My dad once told me that, when buying a car, check three boxes: (1) Do you need the car? (2) Is the car too expensive? (3) Does the car work?
This paternal wisdom is generally applicable not just to cars, but to all sorts of things–like the Virginia Marriage Amendment. The Arnold and Porter memo that David linked to yesterday demonstrated that the vaguely worded amendment is destined to generate a great deal of costly litigation and may possibly surprise voters by curtailing contract and property rights of unmarried gay and straight couples. As such, it’s a bit like an overpriced, poorly maintained 1966 Mustang–overly expensive, liable to break down, with a not-insignificant-risk it will explode on impact.
Here’s one more reason to oppose it, even if you are a committed foe of gay marriage: There’s absolutely no need for it. Opponents of gay marriage suggest the amendment is needed to defend against “out-of-control” state judges, who might impose gay marriage on the Virginia electorate from the bench, like the Massachusetts Supreme Judicial Court did (so the standard conservative story goes) in Goodridge v. Department of Public Health.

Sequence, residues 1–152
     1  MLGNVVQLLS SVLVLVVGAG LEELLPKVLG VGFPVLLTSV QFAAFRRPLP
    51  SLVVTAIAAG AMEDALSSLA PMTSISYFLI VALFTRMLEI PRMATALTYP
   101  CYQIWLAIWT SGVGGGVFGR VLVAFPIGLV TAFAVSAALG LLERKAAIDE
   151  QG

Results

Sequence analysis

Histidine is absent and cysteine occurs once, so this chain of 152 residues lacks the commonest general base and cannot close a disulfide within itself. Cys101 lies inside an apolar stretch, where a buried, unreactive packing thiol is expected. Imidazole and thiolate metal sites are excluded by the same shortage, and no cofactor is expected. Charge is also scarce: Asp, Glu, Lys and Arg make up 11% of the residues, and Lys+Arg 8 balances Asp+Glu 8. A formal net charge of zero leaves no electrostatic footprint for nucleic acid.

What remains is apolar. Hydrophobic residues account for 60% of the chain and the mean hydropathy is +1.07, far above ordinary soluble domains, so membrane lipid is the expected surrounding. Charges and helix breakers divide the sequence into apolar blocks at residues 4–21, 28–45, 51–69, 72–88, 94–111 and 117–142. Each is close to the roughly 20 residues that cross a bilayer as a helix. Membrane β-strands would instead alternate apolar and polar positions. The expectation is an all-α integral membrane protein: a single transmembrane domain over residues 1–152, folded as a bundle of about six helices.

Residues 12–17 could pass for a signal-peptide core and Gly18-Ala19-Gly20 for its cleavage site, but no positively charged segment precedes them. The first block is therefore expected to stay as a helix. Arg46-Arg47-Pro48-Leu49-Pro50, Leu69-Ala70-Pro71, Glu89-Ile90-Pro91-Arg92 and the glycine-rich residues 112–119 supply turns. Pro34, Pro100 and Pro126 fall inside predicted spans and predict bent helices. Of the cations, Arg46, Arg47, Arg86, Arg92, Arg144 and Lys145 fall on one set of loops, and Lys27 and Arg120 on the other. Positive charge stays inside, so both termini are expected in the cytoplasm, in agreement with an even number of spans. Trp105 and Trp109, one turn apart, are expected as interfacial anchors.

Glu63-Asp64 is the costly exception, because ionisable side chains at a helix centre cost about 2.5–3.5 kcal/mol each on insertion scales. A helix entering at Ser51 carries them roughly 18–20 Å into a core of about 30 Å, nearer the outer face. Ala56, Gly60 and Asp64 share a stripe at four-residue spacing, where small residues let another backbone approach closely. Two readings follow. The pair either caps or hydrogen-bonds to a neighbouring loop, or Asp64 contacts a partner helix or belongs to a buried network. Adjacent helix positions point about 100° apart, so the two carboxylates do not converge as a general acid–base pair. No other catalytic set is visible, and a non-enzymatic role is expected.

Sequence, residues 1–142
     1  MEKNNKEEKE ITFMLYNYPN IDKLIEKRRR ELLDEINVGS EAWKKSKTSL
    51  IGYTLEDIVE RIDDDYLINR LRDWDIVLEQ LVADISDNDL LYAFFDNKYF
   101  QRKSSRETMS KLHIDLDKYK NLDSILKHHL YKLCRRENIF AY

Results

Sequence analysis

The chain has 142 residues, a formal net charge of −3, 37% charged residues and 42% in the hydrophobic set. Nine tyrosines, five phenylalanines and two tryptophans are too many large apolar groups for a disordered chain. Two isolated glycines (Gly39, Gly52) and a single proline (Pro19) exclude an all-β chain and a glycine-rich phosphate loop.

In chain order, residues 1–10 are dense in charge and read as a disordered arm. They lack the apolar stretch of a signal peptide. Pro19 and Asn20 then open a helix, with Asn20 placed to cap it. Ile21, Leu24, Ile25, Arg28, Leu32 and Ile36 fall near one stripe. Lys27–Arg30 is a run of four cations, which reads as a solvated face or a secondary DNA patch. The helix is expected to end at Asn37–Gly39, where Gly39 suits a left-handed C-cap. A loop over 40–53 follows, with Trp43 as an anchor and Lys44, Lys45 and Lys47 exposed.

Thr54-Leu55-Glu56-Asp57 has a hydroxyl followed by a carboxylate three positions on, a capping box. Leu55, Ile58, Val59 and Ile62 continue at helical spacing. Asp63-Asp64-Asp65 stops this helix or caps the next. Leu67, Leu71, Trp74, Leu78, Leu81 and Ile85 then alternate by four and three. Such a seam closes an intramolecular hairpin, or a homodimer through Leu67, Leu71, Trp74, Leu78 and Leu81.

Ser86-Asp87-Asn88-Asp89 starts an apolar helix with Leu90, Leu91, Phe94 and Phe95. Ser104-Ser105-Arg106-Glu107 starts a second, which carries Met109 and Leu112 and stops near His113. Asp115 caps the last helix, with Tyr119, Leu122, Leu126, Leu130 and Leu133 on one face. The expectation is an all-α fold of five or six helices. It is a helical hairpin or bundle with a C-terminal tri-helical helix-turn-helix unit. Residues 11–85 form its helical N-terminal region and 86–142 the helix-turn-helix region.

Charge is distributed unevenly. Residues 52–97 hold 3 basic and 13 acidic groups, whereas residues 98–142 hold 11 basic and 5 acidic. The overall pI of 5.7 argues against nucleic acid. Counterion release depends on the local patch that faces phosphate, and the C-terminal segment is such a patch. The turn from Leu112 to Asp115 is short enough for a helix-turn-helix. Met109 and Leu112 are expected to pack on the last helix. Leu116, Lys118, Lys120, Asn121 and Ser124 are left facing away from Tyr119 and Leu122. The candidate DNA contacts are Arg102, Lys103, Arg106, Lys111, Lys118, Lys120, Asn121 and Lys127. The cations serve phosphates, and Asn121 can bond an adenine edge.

Yet, there’s virtually no risk that will happen in Virginia. One, Virginia judges are elected by the reliably conservative state General Assembly, guaranteeing they will not stray very far from current enactable preferences of Virginia’s staunchly red-state voters. Two, the Virginia Supreme Court has consistently interpreted the Virginia Constitution’s narrowly worded anti-discrimination provisions (I say narrowly, because the Virginia constitution does not include a general equal protection clause at all. See Boyd v. Bulala, 647 F. Supp. 781, 786 (W.D. Va. 1986) (“The Virginia Equal Protection Clause contains no equal protection clause as such”)) to provide “no more” protection than has been recognized by the U.S. Supreme Court under the U.S. Constitution’s Equal Protection Clause. Wilkins v. West, 264 Va. 447, 467 (2002); Archer v. Mayes, 213 Va. 633, 638 (1973).
In this, Virginia’s constitutional precedents differ markedly from those of Massachusetts, where, prior to Goodridge, courts had long recognized that the broadly worded Massachusetts Constitution provides more protection for individual liberty than the federal Constitution. That means that if gay marriage is ever recognized in Virginia, it will be the U.S. Supreme Court and federal constitutional law that drive its recognition. Under the Supremacy Clause, no state constitutional amendment can defend against that.
As a result, the Virginia Marriage Amendment can’t plausibly be justified as a defensive amendment. To put it in my dad’s terms: its too expensive, it’s at risk of breaking down, and there’s no conceivable need for it. A lemon all around.